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Nathan Whitehorn

Assistant Professor
High Energy Physics - Experimental
Biomedical-Physical Sciences Bldg.
567 Wilson Rd., Room 3220
(517) 884-5563


2012: Ph.D., University of Wisconsin - Madison
2007: B.A., University of Chicago

Selected Publications

"Observation of High-Energy Astrophysical Neutrinos in Three Years of IceCube Data", Phys. Rev. Lett. 113, 101101, 2014 (arXiv:1405.5303).

"Evidence for High-Energy Extraterrestrial Neutrinos at the IceCube Detector", Science 342, 1242856 (2013) (arXiv:1311.5238).

"Multi-messenger observations of a flaring blazar coincident with high-energy neutrino IceCube-170922A", Science 361 6398, eaat1378, 2018 (arXiv:1807.08816)

"Neutrino emission from the direction of the blazar TXS 0506+056 prior to the IceCube-170922A alert", Science 361, 6398, 147-151, 2018 (arXiv:1807.08794)

"Measurements of Sub-degree B-mode Polarization in the Cosmic Microwave Background from 100 Square Degrees of SPTpol Data", Astrophysical Journal 807, 151, 2015 (arXiv:1503.02315).

"CMB-S4 Science Book, First Edition", 2016 (arXiv:1610.02743).

"Millimeter Transient Point Sources in the SPTpol 100 Square Degree Survey", Astrophysical Journal 830, 143 (2016) (arXiv:1604.03507).

"An Absence of Neutrinos Associated with Cosmic Ray Acceleration in Gamma-Ray Bursts", Nature 484, 351-354, 2012 (arXiv:1204.4219).

"Energy Reconstruction Methods in the IceCube Neutrino Telescope", Journal of Instrumentation 9, P03009, 2014 (arXiv:1311.4767).

"ICE: a scalable, low-cost FPGA-based telescope signal processing and networking system", Journal of Astronomical Instrumentation 5, 1641005, 2016.

Professional Activities & Interests / Biographical Information

My interests lie at the intersection of elementary particle physics and astrophysics. Over the last century, particle physics experiments have gotten bigger and bigger and we are now able to probe the smallest scale and highest-energy physics using the largest detector in the the world: the Universe. And, at the same time that we can study the universe to learn about particle physics, particles sent to us from the universe's distant corners can also teach us a great deal about their origins.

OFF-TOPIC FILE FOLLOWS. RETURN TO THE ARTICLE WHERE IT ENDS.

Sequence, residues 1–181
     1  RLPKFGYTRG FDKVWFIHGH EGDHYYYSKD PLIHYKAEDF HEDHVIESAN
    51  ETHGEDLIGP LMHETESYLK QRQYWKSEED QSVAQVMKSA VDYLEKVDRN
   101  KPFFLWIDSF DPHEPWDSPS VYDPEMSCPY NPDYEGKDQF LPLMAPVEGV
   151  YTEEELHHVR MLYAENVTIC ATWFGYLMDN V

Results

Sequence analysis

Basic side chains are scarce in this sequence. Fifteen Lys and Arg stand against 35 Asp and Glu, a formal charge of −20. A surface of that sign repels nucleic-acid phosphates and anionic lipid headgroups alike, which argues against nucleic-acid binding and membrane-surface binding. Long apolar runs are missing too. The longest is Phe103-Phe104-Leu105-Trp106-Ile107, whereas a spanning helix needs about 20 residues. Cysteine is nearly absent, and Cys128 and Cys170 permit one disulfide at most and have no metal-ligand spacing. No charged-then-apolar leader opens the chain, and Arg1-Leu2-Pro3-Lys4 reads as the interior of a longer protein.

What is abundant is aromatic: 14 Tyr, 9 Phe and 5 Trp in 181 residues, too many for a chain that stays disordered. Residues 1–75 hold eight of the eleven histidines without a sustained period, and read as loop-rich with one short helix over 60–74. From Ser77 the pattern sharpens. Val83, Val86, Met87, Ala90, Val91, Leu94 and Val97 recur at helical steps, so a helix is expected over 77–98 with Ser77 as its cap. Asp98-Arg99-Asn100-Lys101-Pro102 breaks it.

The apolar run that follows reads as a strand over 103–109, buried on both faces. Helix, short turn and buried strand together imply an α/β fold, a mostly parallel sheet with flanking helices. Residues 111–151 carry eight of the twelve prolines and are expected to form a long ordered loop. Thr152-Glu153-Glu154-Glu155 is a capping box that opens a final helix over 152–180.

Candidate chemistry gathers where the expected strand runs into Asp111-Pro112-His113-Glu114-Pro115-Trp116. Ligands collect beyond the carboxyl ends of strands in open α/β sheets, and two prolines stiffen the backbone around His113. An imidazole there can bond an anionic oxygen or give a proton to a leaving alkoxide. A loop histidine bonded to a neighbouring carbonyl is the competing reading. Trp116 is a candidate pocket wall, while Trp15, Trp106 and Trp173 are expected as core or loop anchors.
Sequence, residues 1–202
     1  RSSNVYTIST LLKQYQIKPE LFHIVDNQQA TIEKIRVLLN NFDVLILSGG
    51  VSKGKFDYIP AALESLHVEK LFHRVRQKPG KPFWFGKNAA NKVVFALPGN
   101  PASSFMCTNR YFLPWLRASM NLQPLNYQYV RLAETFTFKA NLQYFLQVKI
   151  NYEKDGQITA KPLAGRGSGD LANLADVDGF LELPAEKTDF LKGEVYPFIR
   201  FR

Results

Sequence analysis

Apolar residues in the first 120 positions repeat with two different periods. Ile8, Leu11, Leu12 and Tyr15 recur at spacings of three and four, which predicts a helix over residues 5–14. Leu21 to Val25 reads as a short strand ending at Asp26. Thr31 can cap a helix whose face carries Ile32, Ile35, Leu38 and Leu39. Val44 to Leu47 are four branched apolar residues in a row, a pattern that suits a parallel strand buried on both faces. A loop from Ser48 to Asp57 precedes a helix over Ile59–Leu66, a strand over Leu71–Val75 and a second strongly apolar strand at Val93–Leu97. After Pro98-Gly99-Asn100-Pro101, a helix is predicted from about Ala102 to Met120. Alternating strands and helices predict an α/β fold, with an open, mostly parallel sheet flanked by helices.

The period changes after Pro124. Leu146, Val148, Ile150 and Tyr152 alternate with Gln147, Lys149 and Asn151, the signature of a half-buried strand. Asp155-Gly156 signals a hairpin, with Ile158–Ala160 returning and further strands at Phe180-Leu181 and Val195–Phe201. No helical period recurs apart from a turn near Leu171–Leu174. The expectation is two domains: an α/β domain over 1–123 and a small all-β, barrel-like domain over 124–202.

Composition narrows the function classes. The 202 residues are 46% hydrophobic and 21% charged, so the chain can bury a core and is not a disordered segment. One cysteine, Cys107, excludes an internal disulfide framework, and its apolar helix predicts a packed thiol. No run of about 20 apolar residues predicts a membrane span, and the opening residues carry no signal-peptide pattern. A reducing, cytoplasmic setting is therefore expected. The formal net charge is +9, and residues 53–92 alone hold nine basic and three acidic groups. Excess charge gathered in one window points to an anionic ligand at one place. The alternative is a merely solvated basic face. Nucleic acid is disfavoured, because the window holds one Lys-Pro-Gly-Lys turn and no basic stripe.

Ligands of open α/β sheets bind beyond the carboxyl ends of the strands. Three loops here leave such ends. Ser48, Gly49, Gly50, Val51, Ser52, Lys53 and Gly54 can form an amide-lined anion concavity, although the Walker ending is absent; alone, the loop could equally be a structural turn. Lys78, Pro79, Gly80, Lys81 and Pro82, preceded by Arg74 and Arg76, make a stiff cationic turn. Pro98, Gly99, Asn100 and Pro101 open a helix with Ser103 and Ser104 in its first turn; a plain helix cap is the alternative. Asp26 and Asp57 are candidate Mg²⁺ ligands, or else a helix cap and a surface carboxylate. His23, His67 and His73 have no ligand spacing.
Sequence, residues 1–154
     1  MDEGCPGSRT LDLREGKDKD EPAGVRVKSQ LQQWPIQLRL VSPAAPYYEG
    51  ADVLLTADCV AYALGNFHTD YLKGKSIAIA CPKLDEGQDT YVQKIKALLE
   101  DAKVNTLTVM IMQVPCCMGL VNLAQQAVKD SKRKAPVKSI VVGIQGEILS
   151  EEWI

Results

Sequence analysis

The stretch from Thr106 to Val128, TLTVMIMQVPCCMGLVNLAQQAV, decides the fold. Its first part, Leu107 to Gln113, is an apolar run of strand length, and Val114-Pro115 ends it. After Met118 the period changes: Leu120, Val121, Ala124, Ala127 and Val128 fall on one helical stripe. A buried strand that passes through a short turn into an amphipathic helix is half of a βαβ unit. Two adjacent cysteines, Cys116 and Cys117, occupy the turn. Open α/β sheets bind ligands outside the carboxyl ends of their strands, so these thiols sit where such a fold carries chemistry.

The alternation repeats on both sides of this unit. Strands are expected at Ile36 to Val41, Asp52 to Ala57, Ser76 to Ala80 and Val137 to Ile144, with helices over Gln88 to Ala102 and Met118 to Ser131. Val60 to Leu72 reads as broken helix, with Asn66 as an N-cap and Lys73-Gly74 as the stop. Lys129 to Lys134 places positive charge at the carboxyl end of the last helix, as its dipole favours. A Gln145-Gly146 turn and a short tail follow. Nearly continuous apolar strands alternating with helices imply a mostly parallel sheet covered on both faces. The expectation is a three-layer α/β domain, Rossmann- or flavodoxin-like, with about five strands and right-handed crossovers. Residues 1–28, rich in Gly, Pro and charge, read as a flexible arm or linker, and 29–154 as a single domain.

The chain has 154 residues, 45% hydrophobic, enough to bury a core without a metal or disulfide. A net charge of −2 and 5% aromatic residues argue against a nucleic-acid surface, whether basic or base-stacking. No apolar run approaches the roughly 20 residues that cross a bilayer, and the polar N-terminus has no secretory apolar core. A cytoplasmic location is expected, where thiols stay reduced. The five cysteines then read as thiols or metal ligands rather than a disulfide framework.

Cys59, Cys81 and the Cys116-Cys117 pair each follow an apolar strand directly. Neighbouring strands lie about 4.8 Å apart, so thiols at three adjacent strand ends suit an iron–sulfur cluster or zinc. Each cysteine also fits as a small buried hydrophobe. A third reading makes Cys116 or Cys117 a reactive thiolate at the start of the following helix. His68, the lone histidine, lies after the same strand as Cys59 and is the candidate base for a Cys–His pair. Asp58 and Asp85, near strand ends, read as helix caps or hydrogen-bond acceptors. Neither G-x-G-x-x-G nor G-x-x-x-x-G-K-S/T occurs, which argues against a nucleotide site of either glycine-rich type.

My current projects involve astrophysics, neutrinos, and the South Pole. We have recently (2018) begun data taking with the 3rd-generation South Pole Telescope, the highest-angular-resolution instrument in the world for measurements of the Cosmic Microwave Background (CMB). This will provide an unprecedented view of the early universe and its evolution into our present-day surroundings over the last 13 billion years, revealing a great deal about the universe's origins, dark matter, dark energy, and the properties of neutrinos -- and possibly other light particles so far undiscovered. My work here involves instrumentation for this and future projects, as well as data analysis.

Another focus is the IceCube Neutrino Observatory, built to discover the origin of high-energy cosmic rays by looking for accompanying neutrino emission. The detector, completed in 2010, instruments a cubic kilometer of the Antarctic ice sheet with optical sensors to form the world's largest neutrino detector, sensitive at TeV-PeV energies. My work has focused on detection of the diffuse neutrino background and moving beyond that to discovery of the first neutrino sources. This has focused in particular on improving the performance of the instrument, leading directly to the first of these discoveries.